I have worked at Gunnersbury Park Museum on a few occasions now. On Saturday I ran a second Historic Life Drawing session; this time in the Rothschild Suite, a stunningly ornate drawing-room over-looking rolling grounds in South West London. Participants had the opportunity to draw a life model in character. She wore a silk and brocade day dress and posed as former resident Princess Amelia who lived on site in 18th century.
Last year, in the historic 19th century kitchens, we were treated to a maid making meal preparations. A large group observed her moving from cast iron range, to scrubbed pine table preparing herbs and cutting vegetables. They used pastels, inks, pens, pencils and charcoal to create stunning images.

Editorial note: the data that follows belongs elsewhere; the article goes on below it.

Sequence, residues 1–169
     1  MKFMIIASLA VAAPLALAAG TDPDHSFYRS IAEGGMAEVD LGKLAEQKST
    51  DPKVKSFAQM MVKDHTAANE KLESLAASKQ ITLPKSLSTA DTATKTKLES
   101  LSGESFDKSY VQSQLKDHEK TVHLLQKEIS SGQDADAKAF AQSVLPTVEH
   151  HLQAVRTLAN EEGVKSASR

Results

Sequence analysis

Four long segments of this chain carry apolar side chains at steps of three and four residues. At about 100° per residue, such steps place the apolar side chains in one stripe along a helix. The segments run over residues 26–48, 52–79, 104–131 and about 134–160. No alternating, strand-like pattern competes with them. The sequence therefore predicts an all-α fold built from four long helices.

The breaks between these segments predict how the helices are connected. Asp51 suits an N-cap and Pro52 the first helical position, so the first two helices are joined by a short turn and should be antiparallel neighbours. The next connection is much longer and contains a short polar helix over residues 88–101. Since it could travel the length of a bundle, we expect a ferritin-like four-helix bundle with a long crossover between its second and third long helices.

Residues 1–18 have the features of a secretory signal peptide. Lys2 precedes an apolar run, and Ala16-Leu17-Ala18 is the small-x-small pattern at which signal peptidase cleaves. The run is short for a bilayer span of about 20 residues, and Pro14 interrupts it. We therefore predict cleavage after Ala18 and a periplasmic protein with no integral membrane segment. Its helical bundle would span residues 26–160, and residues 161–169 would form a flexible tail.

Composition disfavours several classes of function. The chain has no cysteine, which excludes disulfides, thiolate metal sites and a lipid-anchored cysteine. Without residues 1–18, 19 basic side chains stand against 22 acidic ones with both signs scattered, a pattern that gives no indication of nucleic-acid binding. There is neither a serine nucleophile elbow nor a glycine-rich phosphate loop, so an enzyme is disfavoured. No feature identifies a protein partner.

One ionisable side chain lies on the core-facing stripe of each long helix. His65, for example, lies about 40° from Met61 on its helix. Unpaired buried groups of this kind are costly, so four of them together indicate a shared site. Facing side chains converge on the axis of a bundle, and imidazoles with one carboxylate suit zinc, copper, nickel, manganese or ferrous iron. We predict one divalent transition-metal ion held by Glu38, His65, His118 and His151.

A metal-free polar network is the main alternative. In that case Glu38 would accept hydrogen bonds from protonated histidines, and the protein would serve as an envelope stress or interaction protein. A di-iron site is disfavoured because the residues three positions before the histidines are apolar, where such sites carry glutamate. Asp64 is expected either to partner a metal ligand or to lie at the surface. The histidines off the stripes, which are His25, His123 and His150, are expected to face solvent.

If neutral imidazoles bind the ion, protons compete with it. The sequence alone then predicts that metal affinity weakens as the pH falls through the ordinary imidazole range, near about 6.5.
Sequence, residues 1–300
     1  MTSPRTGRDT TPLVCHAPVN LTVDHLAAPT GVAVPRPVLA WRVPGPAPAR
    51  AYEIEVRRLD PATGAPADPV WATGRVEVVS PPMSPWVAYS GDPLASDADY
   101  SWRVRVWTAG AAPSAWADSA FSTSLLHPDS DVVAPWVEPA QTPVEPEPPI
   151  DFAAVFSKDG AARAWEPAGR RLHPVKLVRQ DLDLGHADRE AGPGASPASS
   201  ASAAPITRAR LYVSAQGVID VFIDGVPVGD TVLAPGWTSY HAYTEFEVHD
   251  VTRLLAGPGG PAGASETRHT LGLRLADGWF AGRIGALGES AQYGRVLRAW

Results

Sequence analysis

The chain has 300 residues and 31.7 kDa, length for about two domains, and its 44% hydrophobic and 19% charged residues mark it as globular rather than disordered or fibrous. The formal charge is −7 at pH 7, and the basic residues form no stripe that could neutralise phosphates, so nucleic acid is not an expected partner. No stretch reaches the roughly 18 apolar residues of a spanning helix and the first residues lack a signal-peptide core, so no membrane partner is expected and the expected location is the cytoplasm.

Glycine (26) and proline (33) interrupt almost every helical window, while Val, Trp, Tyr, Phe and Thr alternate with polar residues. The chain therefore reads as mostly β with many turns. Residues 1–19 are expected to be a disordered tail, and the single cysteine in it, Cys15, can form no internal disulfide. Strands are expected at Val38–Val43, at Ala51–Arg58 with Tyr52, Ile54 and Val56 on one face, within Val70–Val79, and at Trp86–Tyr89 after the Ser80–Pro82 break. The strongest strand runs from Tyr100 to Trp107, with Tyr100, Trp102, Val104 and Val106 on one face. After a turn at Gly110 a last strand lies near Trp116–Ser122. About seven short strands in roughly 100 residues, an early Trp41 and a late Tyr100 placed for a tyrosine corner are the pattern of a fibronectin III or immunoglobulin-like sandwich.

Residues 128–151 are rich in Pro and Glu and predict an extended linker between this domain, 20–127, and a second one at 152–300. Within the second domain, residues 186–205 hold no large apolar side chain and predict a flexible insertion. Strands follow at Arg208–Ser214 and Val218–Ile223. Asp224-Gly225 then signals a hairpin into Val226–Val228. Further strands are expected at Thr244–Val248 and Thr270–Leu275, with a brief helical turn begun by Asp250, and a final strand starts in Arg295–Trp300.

At Christmas time, we were treated to an abundance of kitchenalia and winter vegetation such as holly and ivy to draw. I set-up a large seasonal still-life from museum stock. The group were able to be up-close-and-personal with replica food, Edwardian cookware and utensils as they spent an afternoon recording beautiful objects in an inspiring setting. I asked the model to hold shorter, medium and lonerg poses and even moving ones, as she carried out asks. Participants who attended both sessions, had the chance to see ‘above and below stairs’ and across different centuries. The resulting drawings speak for themselves.
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